How to calculate my adjusted gross income with my last pay stub



Image Source: via Flickr.

Adjusted gross income, or AGI, can be useful to know for several reasons. For example, eligibility for certain lucrative tax deductions and tax credits is determined by AGI, as is eligibility to contribute to certain types of retirement accounts. (If you’re interested in learning more about retirement accounts or any other type of investing, head over to our Broker Center, where we’ll help you get started.)

If you have not yet received your W-2 from your employer, you can calculate your AGI using information from your last pay stub of the year.

How to calculate AGI
First, locate your cumulative income on your pay stub. This is the total amount you earned before any taxes or deductions were taken from your paychecks.

Once you find that, add up all of your pre-tax deductions for the year. These typically include insurance (health, dental, vision, life, etc.), 401 (k) or other pension contributions, and public transportation costs paid by the employer. Add them together, then subtract from your total earnings.

If you had any other income for the year, such as self-employment or unemployment benefit, add that to the total as well.

Then you will need to add up your deductions. AGI only takes into account a few specific tax deductions, including:

  • Health Savings Account (CSH) contributions
  • Educator expenses (up to $ 250)
  • Eligible moving expenses
  • Contributions to a traditional IRA or other pre-tax retirement account such as a SEP IRA or SIMPLE IRA (remember 401 (k) contributions were already posted)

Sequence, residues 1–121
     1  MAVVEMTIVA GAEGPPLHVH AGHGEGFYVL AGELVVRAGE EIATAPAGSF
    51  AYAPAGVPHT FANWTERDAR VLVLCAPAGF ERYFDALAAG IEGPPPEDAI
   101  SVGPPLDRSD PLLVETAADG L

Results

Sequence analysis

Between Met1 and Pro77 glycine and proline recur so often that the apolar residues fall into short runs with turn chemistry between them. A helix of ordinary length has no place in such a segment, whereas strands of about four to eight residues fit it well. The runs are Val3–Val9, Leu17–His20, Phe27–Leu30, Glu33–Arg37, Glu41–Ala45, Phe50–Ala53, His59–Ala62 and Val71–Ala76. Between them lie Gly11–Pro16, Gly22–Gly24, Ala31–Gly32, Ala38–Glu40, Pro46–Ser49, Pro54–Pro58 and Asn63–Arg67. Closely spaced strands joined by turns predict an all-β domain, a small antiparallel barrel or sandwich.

• Support payments you paid
  • Half of the self-employment tax
  • Tuition and fees (Note that you can claim a deduction for tuition and fees Where an education tax credit, not both. If you plan to claim the US Opportunity Credit or Lifetime Learning Credit, do not subtract tuition and fees for AGI purposes.)
  • Student loan interest

Again, not all will apply to everyone, and there are a few other less common AGI deductions. However, for the vast majority of taxpayers, the deductions listed here are sufficient to calculate the AGI.

Finally, add up these deductions and subtract them from the total from the previous step. Combining the steps into one formula looks like this:

An example
To illustrate this, let’s say your last pay stub shows total income of $ 60,000 for the year. And, you have the following pre-tax deductions:



Health insurance

$ 2,500

Other insurance

$ 1,000

401 (k) contributions

$ 5,000

Public transport paid by the employer

$ 500

So your pre-tax deductions total $ 9,000. To put it simply, we will say that you have no other income. And, you are eligible for the following AGI deductions:



Traditional IRA contributions

$ 3,000

Educator’s expenses

$ 250

Student loan interest

$ 1,750

Using this information, you have AGI deductions of $ 5,000. By plugging the numbers into the formula, we calculate an AGI of $ 46,000.

This article is part of The Motley Fool Knowledge Center, which was created based on wisdom collected by a fantastic community of investors. We would love to hear your questions, thoughts and opinions on the Knowledge Center in general or on this page in particular. Your contribution will help us help the world invest, better! Write to us at knowledge Thank you – and crazy!



Comments are closed.